>-------------------------------------------------------------------------------------------------------------------------------------
                                      > I thought there was no dispute that Tarsus was a centre (and possibly
                                      > the origin, as suggested by Plutarch) of the Mithras version of mystery
                                      > religions. To cite one scholar I refer you to David Ulansey Scientific
                                      > American, December 1989 (vol. 261, #6), pp. 130-135.
                                      >http://www.well.com/~davidu/sciam.html
                                      >
                                      >Of course this begs the question whether Mithrathism or any other version
                                      >of the Mediterranean Mystery Religions can correctly be labeled
                                      >"Gnostic". Again I refer to Pagels, The Gnostic Gospels, 1979, p37 where
                                      >she describes the Platonic Greek term "demiurgos" as a lesser divine being
                                      >who serves as the instrument of higher powers.
                                      >
                                      >It struck me as an impartial outsider eavesdropping on the debate, that
                                      >this remarkable similarity (amoung others) not to mention a cursory
                                      >examination of Mithraism unequivocally established the "Gnostic" tradition
                                      >had pre-Christian pagan roots.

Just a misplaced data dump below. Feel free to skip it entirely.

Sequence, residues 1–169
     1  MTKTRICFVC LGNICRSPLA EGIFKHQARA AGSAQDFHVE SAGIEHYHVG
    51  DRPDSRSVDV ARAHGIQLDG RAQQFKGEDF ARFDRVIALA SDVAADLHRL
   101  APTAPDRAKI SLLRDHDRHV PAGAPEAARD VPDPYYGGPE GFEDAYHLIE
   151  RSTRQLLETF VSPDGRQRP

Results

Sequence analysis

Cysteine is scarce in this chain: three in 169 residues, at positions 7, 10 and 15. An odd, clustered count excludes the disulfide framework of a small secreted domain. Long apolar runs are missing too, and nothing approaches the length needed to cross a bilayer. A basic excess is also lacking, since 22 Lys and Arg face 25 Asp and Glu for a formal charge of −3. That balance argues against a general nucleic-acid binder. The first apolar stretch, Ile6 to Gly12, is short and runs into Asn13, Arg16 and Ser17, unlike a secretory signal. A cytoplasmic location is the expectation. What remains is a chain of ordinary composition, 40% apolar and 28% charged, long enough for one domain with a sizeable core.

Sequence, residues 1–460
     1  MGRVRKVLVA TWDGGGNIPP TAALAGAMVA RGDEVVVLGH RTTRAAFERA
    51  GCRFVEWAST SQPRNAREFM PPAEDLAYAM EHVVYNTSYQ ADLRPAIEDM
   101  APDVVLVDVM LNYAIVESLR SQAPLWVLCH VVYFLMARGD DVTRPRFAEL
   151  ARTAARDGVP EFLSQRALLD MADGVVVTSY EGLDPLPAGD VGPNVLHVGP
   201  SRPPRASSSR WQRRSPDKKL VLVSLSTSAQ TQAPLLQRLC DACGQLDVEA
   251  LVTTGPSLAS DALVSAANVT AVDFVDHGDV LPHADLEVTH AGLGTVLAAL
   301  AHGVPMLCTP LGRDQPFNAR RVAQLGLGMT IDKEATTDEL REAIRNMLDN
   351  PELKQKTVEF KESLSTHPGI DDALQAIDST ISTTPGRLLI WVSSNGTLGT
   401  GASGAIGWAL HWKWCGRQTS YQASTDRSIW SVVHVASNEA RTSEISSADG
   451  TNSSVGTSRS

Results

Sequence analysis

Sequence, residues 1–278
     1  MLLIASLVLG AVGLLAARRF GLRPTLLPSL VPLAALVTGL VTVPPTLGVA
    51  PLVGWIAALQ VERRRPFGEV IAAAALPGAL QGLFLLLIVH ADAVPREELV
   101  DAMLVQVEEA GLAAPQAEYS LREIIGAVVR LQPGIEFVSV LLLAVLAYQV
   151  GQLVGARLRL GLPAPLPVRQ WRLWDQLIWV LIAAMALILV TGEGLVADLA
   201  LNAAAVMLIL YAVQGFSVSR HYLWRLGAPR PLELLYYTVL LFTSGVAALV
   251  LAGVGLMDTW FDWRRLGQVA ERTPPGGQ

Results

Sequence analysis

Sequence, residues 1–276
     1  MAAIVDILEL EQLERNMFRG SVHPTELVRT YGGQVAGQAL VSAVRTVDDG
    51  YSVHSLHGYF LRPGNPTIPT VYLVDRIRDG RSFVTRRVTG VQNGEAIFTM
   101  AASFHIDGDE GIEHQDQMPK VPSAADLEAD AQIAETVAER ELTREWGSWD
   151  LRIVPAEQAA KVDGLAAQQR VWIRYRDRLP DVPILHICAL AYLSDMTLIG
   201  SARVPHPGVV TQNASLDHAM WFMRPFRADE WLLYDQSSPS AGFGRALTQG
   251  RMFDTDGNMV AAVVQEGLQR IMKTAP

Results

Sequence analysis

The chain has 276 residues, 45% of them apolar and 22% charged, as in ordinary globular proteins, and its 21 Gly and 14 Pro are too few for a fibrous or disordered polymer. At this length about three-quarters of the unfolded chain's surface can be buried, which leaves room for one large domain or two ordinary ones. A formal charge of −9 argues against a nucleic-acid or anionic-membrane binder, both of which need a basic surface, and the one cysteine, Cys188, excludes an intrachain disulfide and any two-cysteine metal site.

>-------------------------------------------------------------------------------------------------------------------------------------
                                      >
                                      > David is an old friend of mine, and I've read his book on Mithraism. I
                                      > don't recall that he calls it a Gnostic religion, but I'm open to correction.
                                      >
                                      > Whether Mithraism as expounded by David was itself pre-Christian is an
                                      > open question, but I don't believe that we have any clear textual
                                      > evidence -- though, again, I'm open to correction.

                                      Those are my recollections, as well.

                                      > As for Gnosticism generally, I haven't stayed in the field, but the
                                      > view that it was pre-Christian was one proposed in the late 19th and
                                      > early 20th centuries, and this view has not been sustained. No clearly
                                      > pre-Christian Gnostic texts have been found -- so far as I am aware.

                                      Doesn't Jim Davila discuss something called Jewish gnosticism that was
                                      pre-Christian, in part? IIRC, it was connected in general with Middle
                                      Platonism. If so, I would guess Alexandria would have been a center of
                                      interest.

                                      Bob Schacht
                                      University of Hawaii


                                      [Non-text portions of this message have been removed]
                                    • Steve Dingeldein